Sunny Hundal is a TV presenter and writer
In typical light-heartedness, Britain’s first Hindu and non-white prime minister became less ostentatious. Most Conservatives applauded him but said his background was irrelevant. Many on the left cautiously celebrate the broken glass ceiling, but say he’s too rich to be an agent.
However, there is an important global context missing from this debate. Rishi Sunak has been tasked with leading the country, despite her brown skin and Hindu beliefs, because Britain is increasingly comfortable with being a multicultural democracy. We are becoming a nation where different races, creeds and gender identities are accepted. We still argue about our differences and have many biases to address, but our diversity is increasingly seen as a strength.
Some people on the left see this as trivial, but it really isn’t. Most of our ideological brethren across Europe and East Asia value diversity but are vehemently opposed to it in practice. Worse still, about 70% of people worldwide live under dictatorships. Multicultural democracies are a minority within a minority.
In fact, most of the world is rejecting these ideals. They see us arguing about our differences and getting repulsed. They argue that social diversity leads to paralysis and political decay. Furthermore, they resent us for pushing our values on them.
One of the leaders of this movement is Russian President Vladimir Putin, who has been open about his feelings for many years. “In many [western] countries today, ethical and moral standards are being reexamined; national traditions, national and cultural differences are being erased,” said Mr told a journalist several years ago, adding that more and more people are coming to Russia’s “protection of traditional values”.
When Russia’s anti-gay law was passed a few years ago, he say The country’s “traditional family values” are the foundation of greatness and a bulwark against the “so-called tolerance – genderlessness and infertility”.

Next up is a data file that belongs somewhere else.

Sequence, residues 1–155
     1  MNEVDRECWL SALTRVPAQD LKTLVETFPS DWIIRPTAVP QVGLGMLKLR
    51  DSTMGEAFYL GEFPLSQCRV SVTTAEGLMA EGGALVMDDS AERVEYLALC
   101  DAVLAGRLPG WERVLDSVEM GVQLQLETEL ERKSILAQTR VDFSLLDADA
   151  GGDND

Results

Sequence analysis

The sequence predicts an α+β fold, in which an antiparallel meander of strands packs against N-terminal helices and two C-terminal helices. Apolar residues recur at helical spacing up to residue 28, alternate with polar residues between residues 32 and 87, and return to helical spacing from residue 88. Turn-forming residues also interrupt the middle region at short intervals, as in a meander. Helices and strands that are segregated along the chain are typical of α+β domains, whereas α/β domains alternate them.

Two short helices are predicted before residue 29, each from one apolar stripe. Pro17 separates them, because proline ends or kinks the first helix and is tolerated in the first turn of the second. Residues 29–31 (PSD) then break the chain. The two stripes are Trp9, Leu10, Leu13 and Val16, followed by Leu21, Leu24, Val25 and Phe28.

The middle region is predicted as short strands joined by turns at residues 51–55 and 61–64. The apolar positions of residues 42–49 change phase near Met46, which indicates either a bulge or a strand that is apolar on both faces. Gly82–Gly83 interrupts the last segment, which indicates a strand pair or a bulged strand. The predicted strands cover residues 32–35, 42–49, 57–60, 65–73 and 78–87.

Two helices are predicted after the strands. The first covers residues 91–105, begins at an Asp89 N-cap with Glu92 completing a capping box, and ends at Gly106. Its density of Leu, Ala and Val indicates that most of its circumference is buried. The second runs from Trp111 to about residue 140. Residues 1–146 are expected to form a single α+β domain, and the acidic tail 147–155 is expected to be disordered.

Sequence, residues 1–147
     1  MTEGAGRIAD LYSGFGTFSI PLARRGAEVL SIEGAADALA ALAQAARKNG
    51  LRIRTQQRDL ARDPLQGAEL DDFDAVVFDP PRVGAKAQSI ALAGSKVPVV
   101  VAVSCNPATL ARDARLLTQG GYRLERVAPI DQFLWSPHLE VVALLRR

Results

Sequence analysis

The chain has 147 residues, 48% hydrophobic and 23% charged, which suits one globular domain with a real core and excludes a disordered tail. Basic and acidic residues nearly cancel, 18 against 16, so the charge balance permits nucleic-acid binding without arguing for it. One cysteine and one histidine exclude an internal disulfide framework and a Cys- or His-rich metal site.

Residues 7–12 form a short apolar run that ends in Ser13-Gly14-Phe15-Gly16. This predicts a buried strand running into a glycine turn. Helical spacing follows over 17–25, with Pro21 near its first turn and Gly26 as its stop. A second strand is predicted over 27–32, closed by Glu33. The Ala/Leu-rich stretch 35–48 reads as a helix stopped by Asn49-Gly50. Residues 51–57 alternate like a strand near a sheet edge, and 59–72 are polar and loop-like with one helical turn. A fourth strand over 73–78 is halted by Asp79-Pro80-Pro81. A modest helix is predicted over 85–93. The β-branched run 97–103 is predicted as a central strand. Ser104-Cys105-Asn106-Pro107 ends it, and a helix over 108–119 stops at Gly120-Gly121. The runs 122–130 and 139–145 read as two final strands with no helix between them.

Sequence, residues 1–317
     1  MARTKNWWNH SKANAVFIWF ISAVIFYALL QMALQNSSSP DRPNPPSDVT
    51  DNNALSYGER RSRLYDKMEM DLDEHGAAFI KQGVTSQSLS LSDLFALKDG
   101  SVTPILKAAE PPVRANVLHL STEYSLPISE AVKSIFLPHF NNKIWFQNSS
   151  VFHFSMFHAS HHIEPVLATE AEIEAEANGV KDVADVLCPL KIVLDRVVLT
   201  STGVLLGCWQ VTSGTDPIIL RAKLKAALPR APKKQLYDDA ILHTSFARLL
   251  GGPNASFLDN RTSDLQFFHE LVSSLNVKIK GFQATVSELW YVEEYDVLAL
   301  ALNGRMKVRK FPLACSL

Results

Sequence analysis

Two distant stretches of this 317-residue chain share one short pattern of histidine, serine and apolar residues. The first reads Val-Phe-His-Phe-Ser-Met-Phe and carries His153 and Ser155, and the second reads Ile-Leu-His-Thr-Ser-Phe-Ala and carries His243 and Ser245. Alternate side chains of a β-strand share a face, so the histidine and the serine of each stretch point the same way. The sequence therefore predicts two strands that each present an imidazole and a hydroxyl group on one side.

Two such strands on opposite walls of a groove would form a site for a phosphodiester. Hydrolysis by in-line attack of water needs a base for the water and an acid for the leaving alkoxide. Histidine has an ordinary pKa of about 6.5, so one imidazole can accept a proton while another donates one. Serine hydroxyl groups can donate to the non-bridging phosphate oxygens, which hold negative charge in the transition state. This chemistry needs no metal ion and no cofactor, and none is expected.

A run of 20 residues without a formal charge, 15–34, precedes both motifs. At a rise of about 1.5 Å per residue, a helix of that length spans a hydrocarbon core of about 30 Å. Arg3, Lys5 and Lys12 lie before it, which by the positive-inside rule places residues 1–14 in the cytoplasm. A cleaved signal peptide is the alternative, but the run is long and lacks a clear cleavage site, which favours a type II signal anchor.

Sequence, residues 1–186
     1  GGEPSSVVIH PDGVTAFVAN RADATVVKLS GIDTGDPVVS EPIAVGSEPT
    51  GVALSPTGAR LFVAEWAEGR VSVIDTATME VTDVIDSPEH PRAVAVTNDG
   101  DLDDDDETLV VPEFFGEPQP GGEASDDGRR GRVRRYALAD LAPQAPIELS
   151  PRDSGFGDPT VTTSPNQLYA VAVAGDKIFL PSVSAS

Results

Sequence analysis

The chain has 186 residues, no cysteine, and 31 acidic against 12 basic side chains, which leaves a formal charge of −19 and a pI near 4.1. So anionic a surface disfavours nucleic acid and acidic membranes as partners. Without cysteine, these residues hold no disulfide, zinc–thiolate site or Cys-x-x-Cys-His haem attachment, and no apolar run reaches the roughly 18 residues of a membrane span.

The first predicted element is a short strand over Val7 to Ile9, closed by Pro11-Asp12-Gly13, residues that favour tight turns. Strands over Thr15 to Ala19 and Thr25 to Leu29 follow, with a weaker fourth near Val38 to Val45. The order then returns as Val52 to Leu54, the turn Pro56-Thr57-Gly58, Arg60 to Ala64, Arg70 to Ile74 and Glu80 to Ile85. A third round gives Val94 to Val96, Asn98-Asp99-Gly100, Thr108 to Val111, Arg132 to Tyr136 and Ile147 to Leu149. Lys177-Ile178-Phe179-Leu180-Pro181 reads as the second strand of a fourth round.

Putin’s crusade against social liberalism has attracted many of his followers around the world. “It is time to wake up from blind faith in the Western system,” said a 2020 commentary in the state-run China Education News. “Fierce partisan fighting has worsened in some Western countries, social rifts are deepening, and a serious social crisis is brewing.” Another well-known US conservative asked: Will Russia become the new moral leader of the world?
Modern dictators believe that diversity leads to conflict and decay. They want nations to put their tribe first. For Putin, this means white heterosexual Russians, for the Chinese Communist Party it means protecting and enforcing Han culture and language. For Muslim-majority countries it means putting Muslims first, while for India’s ruling Bharatiya Janata party it means putting Hindus first .
Multicultural democracies are a unique social experiment and we care about making them work. At some point, Americans will have to end the vicious cycle of polarization in their country. Canada and the UK have so far avoided that fate but we cannot assume our project will be successful or that the presence of a minority leader represents a broader truth about society.
It is important for us to accept that multiculturalism is not easy. Maintaining social cohesion is hard work and prone to derailment. Our social media-driven environment – which rewards exaggerating differences and focusing on small differences – makes that even more difficult.
There is no reason why multicultural democracies should be the norm. But this is the world I want to live and fight in. So yes, Sunak’s leading position is hugely iconic in the global scene. One day, we may look back and see it as a sign of a nation confident in its own skin. Or we can lament it was a failed experiment. I very much hope it is the old one.